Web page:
Evidence for ready and inherent biodegradability is also provided; reliable tests resulted in 75 -100 % degradation after lag phases ranging between 1 and 16 days and the substance is regarded as readily biodegradable. The Canadian Ministry of the Environment (CCME, 2010) provides additional evidence of the rapid degradation of NTA and products where it was reported that NTA is readily biodegraded in all environmental compartments even at low environmental temperatures. Therefore, biodegradation can be considered to be an important removal process of NTA in soil, sediment, surface water, and water treatment plants.

There are no identified uses of the substance which involve direct application to sediment. Indirect exposure of sediment organisms, for example via sewage sludge disposal to land or release of residual quantities of dilute Na3NTA to sediment, is unlikely as the substance is readily biodegradable and has a very low sorption potential.


Furthermore, it is reasonable to assume that trends seen in aquatic toxicity are likely to be observed in terrestrial organisms. Reliable toxicity data are available for freshwater species representing fish, invertebrates and a mollusc. Short-term (acute) exposures of Na3NTA to fish ranged from 103 to 125 mg/L and invertebrate data ranged from 80 to 115 mg/L. All trophic levels of aquatic organisms revealed similar sensitivities to Na3NTA. Long-term exposures to invertebrates and fish were reported as NOECs of 9.3 and >54 mg/L, respectively. These short- and long-term data, when considered with bioaccumulative and degradation information, result in Na3NTA being non-classified and considered to be practically non-toxic to aquatic organisms. It is reasonable to assume that Na3NTA will also be non-toxic to sediment organisms.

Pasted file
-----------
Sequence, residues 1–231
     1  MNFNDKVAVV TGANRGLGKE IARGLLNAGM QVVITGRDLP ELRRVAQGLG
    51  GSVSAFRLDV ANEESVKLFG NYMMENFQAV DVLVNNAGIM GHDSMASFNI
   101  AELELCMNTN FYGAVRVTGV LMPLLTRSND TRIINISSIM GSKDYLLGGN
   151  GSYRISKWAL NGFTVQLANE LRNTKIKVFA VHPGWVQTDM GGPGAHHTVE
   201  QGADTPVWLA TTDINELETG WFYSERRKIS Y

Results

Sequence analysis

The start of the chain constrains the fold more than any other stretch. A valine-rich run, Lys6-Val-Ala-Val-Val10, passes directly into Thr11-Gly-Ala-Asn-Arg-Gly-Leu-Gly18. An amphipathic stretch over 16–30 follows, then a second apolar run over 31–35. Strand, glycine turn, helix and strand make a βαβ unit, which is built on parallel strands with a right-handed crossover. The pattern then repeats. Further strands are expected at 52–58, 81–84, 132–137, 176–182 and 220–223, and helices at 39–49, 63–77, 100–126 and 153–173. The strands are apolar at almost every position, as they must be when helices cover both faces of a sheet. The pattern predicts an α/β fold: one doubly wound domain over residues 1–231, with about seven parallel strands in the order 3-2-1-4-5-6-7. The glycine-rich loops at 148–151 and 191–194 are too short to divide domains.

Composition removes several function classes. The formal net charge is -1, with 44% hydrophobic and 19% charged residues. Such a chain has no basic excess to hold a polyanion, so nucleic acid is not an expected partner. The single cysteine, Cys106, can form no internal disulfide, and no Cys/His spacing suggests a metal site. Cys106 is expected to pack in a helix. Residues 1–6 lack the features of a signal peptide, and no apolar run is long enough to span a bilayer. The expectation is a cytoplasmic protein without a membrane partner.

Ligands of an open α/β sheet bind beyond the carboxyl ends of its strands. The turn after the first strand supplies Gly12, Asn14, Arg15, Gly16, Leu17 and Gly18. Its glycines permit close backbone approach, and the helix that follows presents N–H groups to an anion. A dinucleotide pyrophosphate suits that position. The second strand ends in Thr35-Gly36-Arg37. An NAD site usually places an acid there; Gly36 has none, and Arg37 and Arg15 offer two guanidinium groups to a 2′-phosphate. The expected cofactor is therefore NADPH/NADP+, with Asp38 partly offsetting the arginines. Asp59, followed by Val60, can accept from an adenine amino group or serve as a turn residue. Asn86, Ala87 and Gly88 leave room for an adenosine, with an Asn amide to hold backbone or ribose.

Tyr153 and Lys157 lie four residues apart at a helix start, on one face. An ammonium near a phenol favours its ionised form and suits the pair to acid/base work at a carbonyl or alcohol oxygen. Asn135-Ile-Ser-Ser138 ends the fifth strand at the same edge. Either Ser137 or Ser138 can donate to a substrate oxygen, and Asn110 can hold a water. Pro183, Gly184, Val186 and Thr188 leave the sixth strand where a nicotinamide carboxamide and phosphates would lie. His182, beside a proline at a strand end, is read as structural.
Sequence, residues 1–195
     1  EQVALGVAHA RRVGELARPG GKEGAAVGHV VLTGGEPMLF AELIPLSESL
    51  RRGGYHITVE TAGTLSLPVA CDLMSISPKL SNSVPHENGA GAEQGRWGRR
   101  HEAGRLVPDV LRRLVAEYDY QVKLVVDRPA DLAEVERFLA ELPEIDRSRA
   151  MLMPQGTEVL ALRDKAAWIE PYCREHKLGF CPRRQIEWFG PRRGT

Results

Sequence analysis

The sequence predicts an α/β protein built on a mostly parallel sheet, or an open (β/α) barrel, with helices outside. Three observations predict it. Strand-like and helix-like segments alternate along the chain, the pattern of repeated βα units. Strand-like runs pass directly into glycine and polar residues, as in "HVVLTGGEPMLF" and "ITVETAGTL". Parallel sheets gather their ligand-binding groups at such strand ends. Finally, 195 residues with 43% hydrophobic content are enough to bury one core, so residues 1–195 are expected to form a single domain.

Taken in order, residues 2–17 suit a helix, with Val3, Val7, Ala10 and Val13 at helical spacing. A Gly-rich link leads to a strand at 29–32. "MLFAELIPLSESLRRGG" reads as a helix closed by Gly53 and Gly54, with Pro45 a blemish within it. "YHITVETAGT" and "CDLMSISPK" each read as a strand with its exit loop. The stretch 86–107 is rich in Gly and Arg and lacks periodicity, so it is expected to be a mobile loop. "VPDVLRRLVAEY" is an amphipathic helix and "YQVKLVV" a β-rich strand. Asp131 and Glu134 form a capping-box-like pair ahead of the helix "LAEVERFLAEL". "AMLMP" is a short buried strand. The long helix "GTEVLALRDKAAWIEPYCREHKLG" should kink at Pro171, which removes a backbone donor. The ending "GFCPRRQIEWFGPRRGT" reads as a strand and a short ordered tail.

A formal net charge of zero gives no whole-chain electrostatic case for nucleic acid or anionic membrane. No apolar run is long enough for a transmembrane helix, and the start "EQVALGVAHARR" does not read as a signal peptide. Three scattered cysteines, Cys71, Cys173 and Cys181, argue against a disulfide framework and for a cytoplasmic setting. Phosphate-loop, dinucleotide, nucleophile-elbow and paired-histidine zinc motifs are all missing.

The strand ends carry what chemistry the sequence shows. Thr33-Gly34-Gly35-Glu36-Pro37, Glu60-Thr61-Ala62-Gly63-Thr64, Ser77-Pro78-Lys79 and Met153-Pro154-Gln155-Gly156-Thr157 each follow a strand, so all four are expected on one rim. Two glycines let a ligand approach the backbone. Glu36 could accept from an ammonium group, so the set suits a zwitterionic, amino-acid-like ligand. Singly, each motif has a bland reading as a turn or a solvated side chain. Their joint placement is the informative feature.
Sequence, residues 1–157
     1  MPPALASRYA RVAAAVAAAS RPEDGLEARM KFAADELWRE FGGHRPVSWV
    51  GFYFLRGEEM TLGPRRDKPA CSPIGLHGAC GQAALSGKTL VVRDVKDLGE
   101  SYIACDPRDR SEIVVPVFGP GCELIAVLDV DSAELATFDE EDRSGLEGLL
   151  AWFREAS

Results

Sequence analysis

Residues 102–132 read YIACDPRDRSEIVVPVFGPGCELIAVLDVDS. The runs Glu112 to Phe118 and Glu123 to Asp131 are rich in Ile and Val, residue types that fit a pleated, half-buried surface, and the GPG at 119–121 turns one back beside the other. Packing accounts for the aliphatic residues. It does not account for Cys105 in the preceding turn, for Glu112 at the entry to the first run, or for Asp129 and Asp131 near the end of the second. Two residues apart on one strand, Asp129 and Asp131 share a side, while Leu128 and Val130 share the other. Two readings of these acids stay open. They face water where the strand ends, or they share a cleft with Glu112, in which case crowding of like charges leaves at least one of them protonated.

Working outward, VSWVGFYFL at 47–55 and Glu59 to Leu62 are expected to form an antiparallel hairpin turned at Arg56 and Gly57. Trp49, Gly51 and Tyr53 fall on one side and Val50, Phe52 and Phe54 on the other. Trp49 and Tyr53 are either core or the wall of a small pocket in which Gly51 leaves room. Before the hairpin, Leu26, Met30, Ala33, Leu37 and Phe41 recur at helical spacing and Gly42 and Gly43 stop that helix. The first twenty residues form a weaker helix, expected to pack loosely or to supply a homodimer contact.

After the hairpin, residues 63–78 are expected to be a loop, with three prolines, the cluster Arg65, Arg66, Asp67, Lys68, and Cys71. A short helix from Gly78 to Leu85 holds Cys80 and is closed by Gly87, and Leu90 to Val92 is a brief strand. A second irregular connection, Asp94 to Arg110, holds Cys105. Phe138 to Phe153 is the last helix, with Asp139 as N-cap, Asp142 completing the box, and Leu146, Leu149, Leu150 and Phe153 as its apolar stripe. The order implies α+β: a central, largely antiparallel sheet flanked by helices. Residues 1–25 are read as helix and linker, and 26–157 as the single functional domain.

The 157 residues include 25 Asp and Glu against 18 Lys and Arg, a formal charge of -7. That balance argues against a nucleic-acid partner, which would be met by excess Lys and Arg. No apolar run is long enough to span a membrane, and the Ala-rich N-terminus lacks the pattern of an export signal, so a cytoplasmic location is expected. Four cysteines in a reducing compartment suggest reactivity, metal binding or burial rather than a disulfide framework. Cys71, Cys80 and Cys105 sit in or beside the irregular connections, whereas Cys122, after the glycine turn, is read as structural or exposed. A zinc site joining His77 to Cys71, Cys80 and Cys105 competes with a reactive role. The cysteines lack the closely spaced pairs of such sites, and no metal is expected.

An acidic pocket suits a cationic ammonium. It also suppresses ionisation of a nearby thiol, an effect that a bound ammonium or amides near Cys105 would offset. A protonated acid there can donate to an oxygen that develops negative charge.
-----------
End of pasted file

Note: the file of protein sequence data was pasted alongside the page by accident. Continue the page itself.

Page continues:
There are no identified uses of the substance which involve direct application to sediment. The CSR uses default environmental release fractions in accordance with technical guidance for CSR preparation.  Release of the substance to sediment as a result of application of Na3NTA in any of the identified uses is not intentional; the fraction release to sediment is therefore, a worst case scenario and can be considered very conservative.  Moreover, due to the high solubility, ready biodegradability and low octanol-water partition coefficient of Na3NTA, this substance will not sorb to or persist in aerobic sediment when used as directed under environmental conditions.  The environmental concentrations of Na3NTA in freshwater and marine sediments predicted by EUSES2.1 may therefore be considered conservative because (i) default release factors to sediment are higher than expected for identified uses and (ii) environmental fate and partitioning will tend to over-predict concentration in sediment.

The highest local PEC for freshwater sediment and marine sediment is 0.59 mg/kg wwt-1(manufacture) and 0.059 mg/kg wwt-1(manufacture), respectively. Accordingly, exposure to sediments, as predicted by EUSES with conservative release and distribution assumptions, is considered de minimis, and no further data is required.

In summary, based on the evidence of low adsorption, low bioaccumulative potential, very low toxicity to aquatic organisms (extrapolated to sediment organisms) and ready biodegradability, no tests on sediment organisms are required.